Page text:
Historic Boardwalk Hall, LLC v. Commissioner of Internal Revenue

US Third Circuit Court of Appeals, No. 11-1832, August 27, 2012: Structure of transaction to transfer historic rehabilitation tax credits from a tax exempt entity to taxable entity resulted in taxable entity not being a true partner, therefore not eligible to claim credits.

The Internal Revenue Code allows a tax credit of 20% of the “qualified rehabilitation expenditures” for restoration of any “certified historic structure”. Although the owner of the structure may take these historic rehabilitation tax credits (“HRTCs”), the HRTCs cannot be sold.

The restoration of East Hall a/k/a Historic Boardwalk Hall (“East Hall”) in Atlantic City, New Jersey, generated HRTCs. The New Jersey Sports and Exposition Authority (“NJSEA”), a government entity, owned a leasehold interest in East Hall and was responsible for its restoration. NJSEA, as a tax-exempt entity, could not use the 20% federal tax credit. NJSEA, seeking to find a way to allow a for-profit taxable entity to claim the HRTCs and in exchange gain a financial benefit for the state, created a New Jersey limited liability company, Historic Boardwalk Hall, LLC (“HBH”). HBH elected to be treated for tax purposes as a partnership, not a corporation. A subsidiary of Pitney Bowes (“PB”) invested in and became a member of HBH so it could earn the HRTCs generated from the East Hall rehabilitation. The IRS rejected the claim by PB of the credits.

The transaction, as described by the Court, underwent significant negotiation and revision before it closed, all with the aim of minimizing or eliminating the risk to PB that it might not realize the tax credits in certain amounts. Evidently, PB was too successful in achieving that goal, because the Court ruled that PB was not a bona fide partner in HBH for tax purposes. The Court agreed with the IRS that the transaction was “a vehicle to impermissibly transfer HRTCs from NJSEA to PB and that all HRTCs taken by PB should be reallocated to NJSEA.”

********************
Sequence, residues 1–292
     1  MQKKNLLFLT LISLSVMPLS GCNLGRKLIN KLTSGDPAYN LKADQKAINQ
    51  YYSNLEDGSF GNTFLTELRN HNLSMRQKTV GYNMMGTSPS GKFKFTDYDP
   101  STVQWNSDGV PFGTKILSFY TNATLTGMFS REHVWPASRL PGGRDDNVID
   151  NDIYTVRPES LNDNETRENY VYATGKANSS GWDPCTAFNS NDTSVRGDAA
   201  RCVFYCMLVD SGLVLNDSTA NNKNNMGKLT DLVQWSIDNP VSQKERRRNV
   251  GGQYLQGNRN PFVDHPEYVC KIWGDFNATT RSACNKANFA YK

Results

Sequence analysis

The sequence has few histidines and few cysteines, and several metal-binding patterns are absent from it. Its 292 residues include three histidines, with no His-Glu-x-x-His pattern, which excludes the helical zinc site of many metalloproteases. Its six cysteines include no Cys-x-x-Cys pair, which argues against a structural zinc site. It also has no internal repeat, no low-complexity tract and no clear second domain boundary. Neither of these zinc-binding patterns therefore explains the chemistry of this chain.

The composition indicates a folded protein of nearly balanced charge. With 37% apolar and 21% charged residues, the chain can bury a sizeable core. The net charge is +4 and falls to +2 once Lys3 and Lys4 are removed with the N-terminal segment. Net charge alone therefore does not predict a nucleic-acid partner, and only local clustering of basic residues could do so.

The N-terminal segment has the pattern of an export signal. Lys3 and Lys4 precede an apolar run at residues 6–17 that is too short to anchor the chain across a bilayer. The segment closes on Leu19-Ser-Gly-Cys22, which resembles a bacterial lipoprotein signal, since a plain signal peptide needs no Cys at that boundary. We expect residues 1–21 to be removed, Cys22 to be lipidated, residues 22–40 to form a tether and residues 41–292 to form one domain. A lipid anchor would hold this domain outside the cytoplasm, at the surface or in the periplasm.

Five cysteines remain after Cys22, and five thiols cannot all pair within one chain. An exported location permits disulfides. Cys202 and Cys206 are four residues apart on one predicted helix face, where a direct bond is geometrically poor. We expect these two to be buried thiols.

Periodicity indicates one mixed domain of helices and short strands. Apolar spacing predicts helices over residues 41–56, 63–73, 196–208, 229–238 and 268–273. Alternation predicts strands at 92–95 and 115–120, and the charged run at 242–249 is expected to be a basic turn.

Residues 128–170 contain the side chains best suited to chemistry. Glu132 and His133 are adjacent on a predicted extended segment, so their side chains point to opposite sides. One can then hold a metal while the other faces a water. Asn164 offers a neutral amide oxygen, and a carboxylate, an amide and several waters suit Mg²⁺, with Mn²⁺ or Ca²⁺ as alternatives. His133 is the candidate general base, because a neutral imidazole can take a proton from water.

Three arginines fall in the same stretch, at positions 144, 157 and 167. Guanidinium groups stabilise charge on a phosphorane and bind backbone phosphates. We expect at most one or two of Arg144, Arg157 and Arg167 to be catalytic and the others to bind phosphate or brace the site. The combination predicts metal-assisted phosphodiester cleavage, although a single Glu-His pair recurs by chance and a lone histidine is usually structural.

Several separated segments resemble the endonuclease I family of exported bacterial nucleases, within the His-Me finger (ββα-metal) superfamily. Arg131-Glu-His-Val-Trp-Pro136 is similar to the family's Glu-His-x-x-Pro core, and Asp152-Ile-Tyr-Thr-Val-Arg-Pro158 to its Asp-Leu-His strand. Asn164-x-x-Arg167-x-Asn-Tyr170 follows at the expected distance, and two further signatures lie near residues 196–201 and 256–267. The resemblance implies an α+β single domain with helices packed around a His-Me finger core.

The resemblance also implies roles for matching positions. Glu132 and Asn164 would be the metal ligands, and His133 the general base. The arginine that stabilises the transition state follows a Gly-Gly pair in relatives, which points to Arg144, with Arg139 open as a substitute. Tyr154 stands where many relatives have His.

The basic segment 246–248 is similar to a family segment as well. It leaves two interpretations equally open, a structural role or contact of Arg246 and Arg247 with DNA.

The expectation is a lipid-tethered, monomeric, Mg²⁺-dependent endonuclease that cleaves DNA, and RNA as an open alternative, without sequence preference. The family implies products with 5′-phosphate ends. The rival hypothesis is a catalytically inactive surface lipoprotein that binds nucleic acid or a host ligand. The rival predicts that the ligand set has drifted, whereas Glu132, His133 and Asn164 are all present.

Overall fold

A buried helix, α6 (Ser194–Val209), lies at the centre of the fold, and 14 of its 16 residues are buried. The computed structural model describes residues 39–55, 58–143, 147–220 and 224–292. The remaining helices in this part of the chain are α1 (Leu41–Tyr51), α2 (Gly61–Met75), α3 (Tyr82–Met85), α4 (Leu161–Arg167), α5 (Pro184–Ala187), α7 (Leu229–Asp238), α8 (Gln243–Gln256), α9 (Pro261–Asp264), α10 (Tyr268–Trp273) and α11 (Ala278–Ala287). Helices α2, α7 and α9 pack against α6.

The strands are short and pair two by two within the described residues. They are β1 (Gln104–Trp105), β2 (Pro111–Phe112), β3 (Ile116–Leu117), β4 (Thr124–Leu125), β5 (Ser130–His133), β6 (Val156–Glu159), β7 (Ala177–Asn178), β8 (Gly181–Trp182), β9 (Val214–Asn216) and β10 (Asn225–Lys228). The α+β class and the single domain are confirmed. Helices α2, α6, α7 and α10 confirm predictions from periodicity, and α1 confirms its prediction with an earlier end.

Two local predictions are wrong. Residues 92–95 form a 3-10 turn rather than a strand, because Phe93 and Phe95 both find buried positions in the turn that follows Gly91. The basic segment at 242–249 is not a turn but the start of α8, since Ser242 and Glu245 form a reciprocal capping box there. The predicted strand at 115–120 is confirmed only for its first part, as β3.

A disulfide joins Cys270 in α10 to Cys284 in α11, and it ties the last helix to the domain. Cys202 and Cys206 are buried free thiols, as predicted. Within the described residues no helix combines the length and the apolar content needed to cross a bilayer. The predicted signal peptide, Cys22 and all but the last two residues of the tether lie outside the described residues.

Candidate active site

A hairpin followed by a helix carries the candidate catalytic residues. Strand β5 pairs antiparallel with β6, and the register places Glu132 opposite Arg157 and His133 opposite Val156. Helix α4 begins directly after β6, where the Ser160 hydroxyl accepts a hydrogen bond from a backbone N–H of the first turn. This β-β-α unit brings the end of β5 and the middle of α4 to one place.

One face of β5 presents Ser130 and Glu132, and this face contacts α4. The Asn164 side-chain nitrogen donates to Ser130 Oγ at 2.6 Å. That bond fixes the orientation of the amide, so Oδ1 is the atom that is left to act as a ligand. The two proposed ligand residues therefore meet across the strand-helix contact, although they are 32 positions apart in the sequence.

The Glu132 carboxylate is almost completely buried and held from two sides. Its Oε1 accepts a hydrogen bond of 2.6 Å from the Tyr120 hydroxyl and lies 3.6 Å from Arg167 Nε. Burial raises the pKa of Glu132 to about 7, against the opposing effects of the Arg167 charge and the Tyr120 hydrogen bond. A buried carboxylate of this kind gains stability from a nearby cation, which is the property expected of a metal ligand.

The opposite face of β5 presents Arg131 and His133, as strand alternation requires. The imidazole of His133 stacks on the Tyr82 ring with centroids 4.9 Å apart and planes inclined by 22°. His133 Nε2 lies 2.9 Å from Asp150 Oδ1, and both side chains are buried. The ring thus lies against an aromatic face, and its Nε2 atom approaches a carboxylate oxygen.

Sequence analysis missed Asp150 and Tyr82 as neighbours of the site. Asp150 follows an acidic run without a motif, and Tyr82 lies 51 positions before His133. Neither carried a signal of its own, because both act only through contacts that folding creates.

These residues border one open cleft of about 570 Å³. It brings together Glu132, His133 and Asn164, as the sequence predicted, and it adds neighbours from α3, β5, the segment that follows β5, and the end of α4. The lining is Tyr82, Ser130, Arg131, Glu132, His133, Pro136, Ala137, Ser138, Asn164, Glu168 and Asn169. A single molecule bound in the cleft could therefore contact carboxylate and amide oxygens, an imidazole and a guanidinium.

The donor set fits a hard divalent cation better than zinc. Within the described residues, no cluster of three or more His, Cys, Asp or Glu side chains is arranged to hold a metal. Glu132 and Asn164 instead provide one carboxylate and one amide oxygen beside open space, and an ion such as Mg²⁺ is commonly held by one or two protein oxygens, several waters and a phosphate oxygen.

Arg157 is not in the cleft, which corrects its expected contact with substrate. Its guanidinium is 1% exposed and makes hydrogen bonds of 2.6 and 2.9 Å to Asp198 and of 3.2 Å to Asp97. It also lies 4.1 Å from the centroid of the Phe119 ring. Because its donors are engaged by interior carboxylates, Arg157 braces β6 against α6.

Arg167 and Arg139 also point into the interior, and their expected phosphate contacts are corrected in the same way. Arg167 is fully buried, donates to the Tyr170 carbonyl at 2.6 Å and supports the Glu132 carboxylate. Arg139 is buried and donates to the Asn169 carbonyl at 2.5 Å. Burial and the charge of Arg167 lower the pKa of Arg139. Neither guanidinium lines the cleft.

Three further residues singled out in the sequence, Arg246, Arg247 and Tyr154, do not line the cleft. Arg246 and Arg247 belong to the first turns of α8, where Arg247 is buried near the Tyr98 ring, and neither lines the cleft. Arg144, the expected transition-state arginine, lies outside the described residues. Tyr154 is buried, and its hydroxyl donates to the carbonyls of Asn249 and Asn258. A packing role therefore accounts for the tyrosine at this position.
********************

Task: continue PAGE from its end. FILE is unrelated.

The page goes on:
While emphasizing that it recognized the Congressional intent to give preferential tax treatment in support of rehabilitation of certified historic structures the Court found that PB’s investment in the East Hall project was not necessary for the project to be completed, that “PB bore no meaningful risk in joining HBH, as it would have had it acquired a bona-fide partnership interest”, and that PB would never receive any economic benefits from HBH.

A Tax Court decision in 2011 had gone against the IRS and allowed allocation of the tax credits to PB. The Appeals Court reversed the Tax Court.

Decision available at http://www.ca3.uscourts.gov/opinarch/111832p.pdf?goback=.gde_2173129_member_154919854.

Thanks to Patricia Pregmon, Esq., www.pregmonlaw.com, for bringing this decision to my attention.

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